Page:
If God's promise is music to Christians' ears, what is it to dozens of Christians across West Michigan who cannot hear?
17-year-old Laura Sanchez will show you. Laura has been standing in the front, right section of Grand Rapids First for a year now. This is the church's Deaf Ministry, and she says, her first real experience learning who Jesus is.
"In the old church, I didn't understand the Bible. I didn't even know what it was for," she said. Jo DiShaw is her interpreter.
"It was quite a bit of suffering. We stayed in that church about 5 to 6 years. It was really tough for me." Sanchez is among the 17 percent of West Michigan residents who are deaf or hard of hearing and finding a church isn't exactly easy for many. A large majority are Christians and while many churches offer accommodations for the deaf and hard of hearing, very few offer them a real spiritual connection - a deaf ministry.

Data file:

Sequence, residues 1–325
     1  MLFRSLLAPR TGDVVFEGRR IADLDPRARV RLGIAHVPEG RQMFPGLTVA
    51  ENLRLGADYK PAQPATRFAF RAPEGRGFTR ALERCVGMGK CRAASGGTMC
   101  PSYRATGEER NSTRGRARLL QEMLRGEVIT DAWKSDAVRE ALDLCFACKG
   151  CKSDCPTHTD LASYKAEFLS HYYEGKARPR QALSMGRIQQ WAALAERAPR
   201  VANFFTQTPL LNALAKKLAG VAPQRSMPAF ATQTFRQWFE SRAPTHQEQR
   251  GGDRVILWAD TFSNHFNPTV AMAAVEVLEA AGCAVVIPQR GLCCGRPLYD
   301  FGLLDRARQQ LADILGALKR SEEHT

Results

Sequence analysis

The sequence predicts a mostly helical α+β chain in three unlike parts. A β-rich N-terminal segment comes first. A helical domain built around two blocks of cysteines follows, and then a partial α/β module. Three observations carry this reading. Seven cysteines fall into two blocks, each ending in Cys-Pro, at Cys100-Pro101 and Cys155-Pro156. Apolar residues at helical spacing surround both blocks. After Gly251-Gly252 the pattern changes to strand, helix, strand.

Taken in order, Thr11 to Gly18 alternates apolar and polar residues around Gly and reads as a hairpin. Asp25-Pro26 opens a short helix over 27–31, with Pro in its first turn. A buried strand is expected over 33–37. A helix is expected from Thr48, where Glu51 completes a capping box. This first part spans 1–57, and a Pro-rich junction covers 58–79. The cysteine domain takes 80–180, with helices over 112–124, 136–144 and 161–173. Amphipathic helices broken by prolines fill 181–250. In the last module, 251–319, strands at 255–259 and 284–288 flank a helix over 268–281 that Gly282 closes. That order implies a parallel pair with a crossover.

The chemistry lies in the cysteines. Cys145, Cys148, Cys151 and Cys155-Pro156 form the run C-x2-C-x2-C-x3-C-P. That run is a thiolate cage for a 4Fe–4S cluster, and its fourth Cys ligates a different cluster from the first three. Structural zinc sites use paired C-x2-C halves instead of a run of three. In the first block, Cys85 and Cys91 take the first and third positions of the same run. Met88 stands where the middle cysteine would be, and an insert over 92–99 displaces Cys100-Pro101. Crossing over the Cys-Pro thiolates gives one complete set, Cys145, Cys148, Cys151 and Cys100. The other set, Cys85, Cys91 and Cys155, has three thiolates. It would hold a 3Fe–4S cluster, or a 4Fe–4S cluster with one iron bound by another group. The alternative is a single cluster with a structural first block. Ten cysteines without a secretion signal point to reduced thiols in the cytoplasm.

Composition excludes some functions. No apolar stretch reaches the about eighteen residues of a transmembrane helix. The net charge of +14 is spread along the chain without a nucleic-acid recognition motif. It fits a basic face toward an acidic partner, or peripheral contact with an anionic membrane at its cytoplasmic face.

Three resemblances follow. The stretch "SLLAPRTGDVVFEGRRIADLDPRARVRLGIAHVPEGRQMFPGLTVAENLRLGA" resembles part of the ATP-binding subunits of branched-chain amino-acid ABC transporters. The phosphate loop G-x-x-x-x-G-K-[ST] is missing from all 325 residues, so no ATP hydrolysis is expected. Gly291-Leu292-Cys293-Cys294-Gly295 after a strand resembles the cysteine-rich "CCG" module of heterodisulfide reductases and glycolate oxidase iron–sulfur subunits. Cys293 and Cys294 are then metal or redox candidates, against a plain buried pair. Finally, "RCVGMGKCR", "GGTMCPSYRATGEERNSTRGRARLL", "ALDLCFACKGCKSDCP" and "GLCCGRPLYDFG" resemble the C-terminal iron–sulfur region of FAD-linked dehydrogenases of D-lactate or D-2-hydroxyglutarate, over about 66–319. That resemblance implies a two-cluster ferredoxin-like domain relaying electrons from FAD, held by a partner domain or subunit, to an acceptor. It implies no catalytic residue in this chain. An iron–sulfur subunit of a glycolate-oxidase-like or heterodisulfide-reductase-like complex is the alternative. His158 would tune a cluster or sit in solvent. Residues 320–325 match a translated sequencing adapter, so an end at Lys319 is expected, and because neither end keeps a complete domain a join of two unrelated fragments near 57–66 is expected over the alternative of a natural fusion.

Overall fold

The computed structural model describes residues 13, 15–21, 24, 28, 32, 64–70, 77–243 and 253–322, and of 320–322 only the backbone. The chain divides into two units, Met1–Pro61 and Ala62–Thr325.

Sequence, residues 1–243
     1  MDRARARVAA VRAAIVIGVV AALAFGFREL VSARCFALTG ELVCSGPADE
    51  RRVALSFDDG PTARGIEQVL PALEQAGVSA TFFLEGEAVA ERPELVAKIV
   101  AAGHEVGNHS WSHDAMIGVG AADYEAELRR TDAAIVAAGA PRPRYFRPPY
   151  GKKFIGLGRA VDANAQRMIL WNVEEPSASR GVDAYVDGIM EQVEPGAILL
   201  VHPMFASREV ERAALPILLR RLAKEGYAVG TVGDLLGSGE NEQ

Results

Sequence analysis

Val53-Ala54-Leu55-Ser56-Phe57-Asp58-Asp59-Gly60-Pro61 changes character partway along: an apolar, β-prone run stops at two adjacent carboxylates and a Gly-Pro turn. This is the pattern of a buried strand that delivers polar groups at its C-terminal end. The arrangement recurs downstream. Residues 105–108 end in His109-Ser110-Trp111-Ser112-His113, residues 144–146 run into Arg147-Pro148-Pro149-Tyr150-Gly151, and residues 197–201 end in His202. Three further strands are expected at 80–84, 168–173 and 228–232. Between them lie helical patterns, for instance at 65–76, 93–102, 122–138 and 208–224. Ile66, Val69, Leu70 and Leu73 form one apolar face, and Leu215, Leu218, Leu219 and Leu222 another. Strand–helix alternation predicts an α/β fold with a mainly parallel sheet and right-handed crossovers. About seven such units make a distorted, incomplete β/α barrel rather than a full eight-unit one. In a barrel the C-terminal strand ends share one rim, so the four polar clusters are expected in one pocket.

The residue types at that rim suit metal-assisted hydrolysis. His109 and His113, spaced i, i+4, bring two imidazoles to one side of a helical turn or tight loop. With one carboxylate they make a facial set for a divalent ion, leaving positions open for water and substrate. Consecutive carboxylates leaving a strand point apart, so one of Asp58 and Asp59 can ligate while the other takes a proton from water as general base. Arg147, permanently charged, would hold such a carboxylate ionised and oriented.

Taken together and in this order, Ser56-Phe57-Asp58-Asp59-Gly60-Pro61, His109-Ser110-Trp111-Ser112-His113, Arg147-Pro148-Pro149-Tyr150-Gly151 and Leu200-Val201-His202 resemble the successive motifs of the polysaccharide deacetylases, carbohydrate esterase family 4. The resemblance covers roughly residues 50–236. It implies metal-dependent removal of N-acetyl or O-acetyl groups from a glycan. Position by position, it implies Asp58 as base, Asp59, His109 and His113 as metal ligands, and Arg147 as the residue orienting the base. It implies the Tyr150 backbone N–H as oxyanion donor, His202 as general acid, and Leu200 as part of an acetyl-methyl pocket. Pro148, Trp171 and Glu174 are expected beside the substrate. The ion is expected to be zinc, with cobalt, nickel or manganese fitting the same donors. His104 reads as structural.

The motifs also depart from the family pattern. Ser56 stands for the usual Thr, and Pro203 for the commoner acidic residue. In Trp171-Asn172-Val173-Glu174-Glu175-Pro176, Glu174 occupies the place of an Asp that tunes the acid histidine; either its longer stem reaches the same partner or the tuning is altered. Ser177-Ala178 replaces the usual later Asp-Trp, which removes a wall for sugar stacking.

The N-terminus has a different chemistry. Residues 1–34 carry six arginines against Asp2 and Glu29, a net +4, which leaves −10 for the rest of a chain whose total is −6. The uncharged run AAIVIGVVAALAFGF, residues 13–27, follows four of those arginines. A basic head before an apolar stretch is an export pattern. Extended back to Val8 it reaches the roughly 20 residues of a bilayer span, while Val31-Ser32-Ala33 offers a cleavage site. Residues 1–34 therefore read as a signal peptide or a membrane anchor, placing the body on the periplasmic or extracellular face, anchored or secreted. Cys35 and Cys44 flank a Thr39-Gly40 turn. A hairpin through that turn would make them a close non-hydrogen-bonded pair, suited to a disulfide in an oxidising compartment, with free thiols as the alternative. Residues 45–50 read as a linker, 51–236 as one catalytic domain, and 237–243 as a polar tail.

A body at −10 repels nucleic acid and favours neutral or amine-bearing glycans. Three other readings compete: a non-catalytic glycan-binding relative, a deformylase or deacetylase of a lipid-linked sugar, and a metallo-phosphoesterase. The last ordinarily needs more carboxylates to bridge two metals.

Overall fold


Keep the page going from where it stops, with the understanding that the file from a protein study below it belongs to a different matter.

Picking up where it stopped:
Katie Prins, executive director of Deaf and Hard of Hearing Services of Michigan, just started going to Genesis United Methodist Church in Cascade Township because it recently started the Hands of Faith Ministry. She says most of the deaf in West Michigan have had experience with Christianity, but says most are unchurched or non-practicing.
Beverly Chesebro, who started the ministry says the main reason is that there is no access to church interpreters in the rural areas.